This token-based membership is mostly permissionless and a member can choose to sell his tokens to another, hence that new member will automatically take on the rights and shares of the previous owner.

Another less embraced membership type is the share-based membership where authority is more centralized. A new member can’t join by simply contributing money or buying the DAO token, they’ll need to write and submit proposals for existing members to consider. 

As a new DAO creator, you must determine what type of membership best fits your end goal and choose accordingly.

2. Smart Contracts

Smart contracts are the life-line of every DeFi product out there. They refer to the written set of code that determines exactly how a decentralized application or protocol works. 

DAOs are powered by smart contracts that define how the group’s pre-arranged principles will be executed. Once the code is deployed to a smart chain, it can no longer be changed or edited, hence, preventing foul plays.

Alternatively, if you and your group of friends cannot spare a few thousand dollars to develop a verified smart contract, you can still utilize the services of platforms like SyndicateDAO to get started and equally secure your funds by setting up a multi-signature wallet at Gnosis-safe

Assuming you’re starting with 5 members, a multisig wallet can require each of the 5 members or 3 voted members to approve a transaction before any money leaves the DAO wallet. In essence, there’s no worries about one member running off with all the money or locking the rest out since power is safely distributed.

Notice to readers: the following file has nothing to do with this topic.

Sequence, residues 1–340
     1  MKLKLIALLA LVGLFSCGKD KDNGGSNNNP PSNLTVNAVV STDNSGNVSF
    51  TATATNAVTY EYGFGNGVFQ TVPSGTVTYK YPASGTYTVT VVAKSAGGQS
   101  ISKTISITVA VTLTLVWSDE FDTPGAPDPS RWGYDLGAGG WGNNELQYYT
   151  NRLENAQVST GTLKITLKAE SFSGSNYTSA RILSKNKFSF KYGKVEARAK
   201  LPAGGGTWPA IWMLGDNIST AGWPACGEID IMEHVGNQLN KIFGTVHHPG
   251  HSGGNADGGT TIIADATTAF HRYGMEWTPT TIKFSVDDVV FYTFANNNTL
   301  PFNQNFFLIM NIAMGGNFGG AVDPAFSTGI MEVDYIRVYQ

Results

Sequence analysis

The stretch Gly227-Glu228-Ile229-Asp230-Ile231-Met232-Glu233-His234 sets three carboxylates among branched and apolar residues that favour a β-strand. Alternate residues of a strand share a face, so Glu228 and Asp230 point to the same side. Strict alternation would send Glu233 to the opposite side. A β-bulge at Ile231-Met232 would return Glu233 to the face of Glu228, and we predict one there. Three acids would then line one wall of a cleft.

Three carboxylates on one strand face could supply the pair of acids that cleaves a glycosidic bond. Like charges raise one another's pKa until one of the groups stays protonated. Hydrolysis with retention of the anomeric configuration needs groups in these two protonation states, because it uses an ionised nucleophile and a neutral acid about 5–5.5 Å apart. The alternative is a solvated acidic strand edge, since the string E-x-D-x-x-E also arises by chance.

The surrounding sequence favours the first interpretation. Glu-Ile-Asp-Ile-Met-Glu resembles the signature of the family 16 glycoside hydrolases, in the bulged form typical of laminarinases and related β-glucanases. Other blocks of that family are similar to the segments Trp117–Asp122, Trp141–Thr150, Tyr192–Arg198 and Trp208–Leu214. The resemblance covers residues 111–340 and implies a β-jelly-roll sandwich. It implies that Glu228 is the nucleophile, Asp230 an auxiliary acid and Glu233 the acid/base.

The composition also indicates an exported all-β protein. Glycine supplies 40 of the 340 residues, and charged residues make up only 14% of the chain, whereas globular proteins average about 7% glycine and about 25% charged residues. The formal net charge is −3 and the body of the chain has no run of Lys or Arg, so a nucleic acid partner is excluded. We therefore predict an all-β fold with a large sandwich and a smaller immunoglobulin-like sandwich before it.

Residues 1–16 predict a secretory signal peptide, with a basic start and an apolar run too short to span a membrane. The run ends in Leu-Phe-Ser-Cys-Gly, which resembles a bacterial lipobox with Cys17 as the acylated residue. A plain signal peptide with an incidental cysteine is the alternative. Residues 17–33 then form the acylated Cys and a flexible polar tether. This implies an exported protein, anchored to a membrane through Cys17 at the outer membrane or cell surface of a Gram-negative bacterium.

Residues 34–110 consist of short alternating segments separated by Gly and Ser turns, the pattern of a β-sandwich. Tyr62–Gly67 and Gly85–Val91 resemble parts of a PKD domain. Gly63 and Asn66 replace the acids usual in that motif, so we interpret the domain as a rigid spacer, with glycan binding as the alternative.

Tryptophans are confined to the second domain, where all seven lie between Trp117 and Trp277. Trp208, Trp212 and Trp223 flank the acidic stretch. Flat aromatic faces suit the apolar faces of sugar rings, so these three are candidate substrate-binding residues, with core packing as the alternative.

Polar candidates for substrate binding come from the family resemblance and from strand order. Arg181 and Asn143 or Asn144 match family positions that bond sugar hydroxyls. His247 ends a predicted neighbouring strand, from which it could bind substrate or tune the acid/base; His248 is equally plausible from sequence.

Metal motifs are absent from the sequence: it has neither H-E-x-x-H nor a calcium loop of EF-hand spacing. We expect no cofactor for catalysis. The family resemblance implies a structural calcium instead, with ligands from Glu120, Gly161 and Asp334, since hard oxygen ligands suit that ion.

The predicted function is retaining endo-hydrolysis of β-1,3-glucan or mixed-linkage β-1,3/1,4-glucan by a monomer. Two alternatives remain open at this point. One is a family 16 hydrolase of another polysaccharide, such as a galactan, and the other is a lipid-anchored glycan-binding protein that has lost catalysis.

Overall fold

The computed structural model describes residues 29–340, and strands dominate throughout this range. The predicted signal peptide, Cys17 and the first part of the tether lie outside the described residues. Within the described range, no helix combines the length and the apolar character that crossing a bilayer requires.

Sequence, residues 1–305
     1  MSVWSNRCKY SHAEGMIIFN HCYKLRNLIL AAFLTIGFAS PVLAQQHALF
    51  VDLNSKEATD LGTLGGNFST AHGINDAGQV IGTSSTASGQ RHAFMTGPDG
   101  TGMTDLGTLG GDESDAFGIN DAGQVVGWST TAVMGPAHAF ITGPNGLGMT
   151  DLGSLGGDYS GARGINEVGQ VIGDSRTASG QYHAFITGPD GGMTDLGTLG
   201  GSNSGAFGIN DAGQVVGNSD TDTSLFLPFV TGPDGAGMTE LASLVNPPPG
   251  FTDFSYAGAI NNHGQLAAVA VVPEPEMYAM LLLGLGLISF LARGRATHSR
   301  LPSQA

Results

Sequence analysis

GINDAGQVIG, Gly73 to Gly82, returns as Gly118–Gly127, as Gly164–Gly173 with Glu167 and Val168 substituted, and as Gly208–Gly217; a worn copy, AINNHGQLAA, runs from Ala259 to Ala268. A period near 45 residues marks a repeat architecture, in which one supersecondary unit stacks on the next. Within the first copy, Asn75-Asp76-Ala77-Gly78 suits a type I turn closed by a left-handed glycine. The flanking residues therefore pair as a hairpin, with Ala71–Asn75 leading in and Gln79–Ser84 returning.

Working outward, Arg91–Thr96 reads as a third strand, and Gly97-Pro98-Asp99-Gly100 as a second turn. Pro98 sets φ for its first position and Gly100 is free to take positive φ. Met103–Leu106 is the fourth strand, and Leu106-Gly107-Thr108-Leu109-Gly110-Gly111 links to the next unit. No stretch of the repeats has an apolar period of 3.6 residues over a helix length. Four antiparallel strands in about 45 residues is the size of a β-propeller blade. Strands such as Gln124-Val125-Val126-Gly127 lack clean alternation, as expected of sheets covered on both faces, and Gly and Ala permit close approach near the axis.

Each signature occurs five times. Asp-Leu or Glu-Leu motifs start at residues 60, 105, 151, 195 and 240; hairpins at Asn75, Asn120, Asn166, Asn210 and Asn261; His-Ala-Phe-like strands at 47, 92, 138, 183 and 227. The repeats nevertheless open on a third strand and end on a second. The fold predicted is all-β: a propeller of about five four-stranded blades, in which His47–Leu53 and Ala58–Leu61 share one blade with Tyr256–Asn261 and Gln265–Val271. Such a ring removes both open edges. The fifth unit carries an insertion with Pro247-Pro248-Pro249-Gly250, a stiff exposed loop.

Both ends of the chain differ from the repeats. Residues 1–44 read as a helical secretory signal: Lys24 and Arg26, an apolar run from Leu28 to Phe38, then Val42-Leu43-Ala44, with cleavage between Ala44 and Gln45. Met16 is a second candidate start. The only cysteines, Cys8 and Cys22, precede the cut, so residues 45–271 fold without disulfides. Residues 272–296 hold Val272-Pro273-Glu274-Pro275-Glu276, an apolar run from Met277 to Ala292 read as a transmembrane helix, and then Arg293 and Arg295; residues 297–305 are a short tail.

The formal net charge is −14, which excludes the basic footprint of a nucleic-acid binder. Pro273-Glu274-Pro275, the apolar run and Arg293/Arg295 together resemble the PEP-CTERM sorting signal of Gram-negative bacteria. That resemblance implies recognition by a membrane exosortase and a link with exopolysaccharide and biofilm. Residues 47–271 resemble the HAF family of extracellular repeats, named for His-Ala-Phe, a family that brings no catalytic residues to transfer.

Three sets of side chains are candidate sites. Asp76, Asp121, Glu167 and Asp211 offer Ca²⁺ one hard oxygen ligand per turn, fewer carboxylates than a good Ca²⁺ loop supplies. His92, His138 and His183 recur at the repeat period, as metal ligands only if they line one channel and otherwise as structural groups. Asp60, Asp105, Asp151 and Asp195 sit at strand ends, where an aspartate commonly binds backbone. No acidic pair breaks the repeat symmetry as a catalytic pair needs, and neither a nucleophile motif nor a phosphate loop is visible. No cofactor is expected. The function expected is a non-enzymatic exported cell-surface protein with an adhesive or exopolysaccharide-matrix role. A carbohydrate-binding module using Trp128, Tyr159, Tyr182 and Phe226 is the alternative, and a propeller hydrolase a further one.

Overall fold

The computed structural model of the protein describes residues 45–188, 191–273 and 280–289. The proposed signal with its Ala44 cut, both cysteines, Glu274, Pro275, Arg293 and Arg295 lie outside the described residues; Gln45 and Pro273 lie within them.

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As time has proven to us, many written business agreements end up in court and trusting friends in business hasn’t always paid off. So, what is the guarantee that pooling funds with complete strangers on the internet would succeed? 

Thanks to the integration of smart contracts, DAOs have proven to be safer than even written business contracts. You do not need to trust anyone before joining a DAO. You simply need to find out if their target goals align with yours and then check the smart contract code on the relevant explorer to verify if it’s safe to interact with. If they are using a third party platform like SyndicateDAO, then DYOR about how the platform works and if there has been any hiccups on the platform with other groups before.

Another reason you might want to join a DAO, is if you don’t have enough money to get started on your own or you have enough money but don’t know how to get it done in the specific area. 


Collaborating with others through DAOs has more upside than downsides if executed correctly. Many beginners with limited capital or knowledge are quickly climbing up the success ladder in Web3 by utilizing this method to share losses and profits together and build products that establish their presence in the industry.

Like any other concept in Web3, nothing is fixed and no one knows how DAOs will evolve over time, but at this very moment, it more than serves its purpose.

Do you have any questions or ideas regarding DAOs? Feel free to share in the comment area or inbox me.

I’m not a guru of any kind, but I hope that I can help you and others to make informed choices in Web3 and More.